Dog Worms Online Editor

3 Signs Your Dog Has Worms (& How to Treat)

Whenever our pet shows signs of being off colour it’s a worrying time and we all want to do our best to find out why they’re ill and how we can help them return to their normal selves (even, no, especially, if that does mean those little naughty habits return also).

As part of Merial Animal Health’s campaign to help dog owners prevent parasites, we’ve asked their ‘Parasite Party’ campaign team to offer some top tips to learn more about the most common types of worms and their impact on our dog’s health because beneath the surface they can cause more damage than we know!

Although prevention is always recommended to combat fleas, worms and ticks, learning how to tell if your dog has worms is something you need to know about.

There are many types of worms which can affect dogs, including roundworm, hookworm, whipworm, lungworm and tapeworm. The most common type is the roundworm. It’s estimated that up to three in 10 dogs have roundworms.

Roundworms are highly reproductive – in fact, females can lay up to 300,000 eggs daily, according to the Parasite Party campaign experts.

Dogs that are affected shed these tiny eggs when they go to the toilet. These eggs, although infective after two-three weeks, can stay alive and infective for up to five years, being resistant to high or cold temperature, as well as disinfectants.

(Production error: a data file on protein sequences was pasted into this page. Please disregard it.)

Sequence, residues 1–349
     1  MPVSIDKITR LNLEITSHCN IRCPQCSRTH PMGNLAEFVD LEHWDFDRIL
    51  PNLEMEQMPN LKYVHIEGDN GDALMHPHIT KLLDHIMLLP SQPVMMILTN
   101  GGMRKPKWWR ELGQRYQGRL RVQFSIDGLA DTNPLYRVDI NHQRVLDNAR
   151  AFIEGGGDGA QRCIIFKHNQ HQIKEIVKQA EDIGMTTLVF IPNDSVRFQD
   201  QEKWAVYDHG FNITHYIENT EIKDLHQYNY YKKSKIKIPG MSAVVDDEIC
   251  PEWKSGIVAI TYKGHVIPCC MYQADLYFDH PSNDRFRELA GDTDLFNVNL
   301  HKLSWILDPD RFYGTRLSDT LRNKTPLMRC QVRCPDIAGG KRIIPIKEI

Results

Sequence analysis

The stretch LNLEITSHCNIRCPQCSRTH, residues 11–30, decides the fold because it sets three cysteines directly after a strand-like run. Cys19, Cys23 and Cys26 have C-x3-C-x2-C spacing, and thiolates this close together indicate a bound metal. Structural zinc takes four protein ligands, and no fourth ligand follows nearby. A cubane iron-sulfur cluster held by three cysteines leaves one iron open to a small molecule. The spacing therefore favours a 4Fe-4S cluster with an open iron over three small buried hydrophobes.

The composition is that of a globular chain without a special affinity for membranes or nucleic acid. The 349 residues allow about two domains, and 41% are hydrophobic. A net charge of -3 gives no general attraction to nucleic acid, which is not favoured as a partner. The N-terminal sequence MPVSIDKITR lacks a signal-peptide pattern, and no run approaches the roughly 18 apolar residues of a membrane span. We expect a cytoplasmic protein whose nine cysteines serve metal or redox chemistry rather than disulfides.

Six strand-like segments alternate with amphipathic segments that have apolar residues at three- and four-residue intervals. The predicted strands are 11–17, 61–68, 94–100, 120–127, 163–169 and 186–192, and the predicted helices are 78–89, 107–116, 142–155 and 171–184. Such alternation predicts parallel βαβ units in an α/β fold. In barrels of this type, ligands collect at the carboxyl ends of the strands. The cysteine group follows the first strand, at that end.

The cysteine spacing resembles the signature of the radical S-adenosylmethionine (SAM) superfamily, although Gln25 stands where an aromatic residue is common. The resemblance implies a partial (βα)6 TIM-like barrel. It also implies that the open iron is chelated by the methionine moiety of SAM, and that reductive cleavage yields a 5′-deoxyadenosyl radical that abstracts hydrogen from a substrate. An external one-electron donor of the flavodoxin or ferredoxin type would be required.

Dogs may swallow those eggs by showing an interest, such as sniffing, in other dogs’ faeces. Humans may also be affected by this worm: in particular children, who are particularly at risk as they often play on the ground or in soil where worm eggs may be present (in parks for example); while adults may be exposed during activities in the garden, such as weeding, where dogs may have been.

It’s also estimated that seven in 10 puppies are affected by roundworm and they can be affected from birth as a mother can pass worms to her pups during pregnancy and even in her milk.

Signs Your Dog Might Have Roundworm

Dogs can visibly show signs of having worms with a potbelly, diarrhoea or vomiting, as a result of the worms infecting the dog’s intestines.

Some dogs may also show signs of respiratory illness, such as coughing and pneumonia.

Could Your Dog Have Worms?

If you’re worried your dog might be affected by parasites and you would like further information, you can read more here.

This article was sponsored by Merial Animal Health.

Find out much more about the Parasite Party campaign and protect your dog inside and out online at http://www.parasiteparty.com/en

 

IMPORTANT: Looking to get the best deal on dog worming treatment? Click here ►►


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